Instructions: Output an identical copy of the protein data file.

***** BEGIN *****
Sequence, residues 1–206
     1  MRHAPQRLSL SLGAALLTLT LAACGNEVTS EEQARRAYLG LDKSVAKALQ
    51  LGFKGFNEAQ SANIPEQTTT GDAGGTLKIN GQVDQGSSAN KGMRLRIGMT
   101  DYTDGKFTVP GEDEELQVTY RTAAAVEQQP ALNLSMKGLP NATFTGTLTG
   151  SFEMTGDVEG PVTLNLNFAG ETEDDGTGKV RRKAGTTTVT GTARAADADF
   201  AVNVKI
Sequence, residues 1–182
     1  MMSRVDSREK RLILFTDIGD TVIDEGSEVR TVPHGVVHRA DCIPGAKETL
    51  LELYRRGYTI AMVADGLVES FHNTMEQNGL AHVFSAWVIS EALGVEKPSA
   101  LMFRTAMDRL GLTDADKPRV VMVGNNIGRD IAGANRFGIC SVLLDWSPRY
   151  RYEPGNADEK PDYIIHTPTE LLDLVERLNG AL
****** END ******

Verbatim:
Sequence, residues 1–206
     1  MRHAPQRLSL SLGAALLTLT LAACGNEVTS EEQARRAYLG LDKSVAKALQ
    51  LGFKGFNEAQ SANIPEQTTT GDAGGTLKIN GQVDQGSSAN KGMRLRIGMT
   101  DYTDGKFTVP GEDEELQVTY RTAAAVEQQP ALNLSMKGLP NATFTGTLTG
   151  SFEMTGDVEG PVTLNLNFAG ETEDDGTGKV RRKAGTTTVT GTARAADADF
   201  AVNVKI
Sequence, residues 1–182
     1  MMSRVDSREK RLILFTDIGD TVIDEGSEVR TVPHGVVHRA DCIPGAKETL
    51  LELYRRGYTI AMVADGLVES FHNTMEQNGL AHVFSAWVIS EALGVEKPSA
   101  LMFRTAMDRL GLTDADKPRV VMVGNNIGRD IAGANRFGIC SVLLDWSPRY
   151  RYEPGNADEK PDYIIHTPTE LLDLVERLNG AL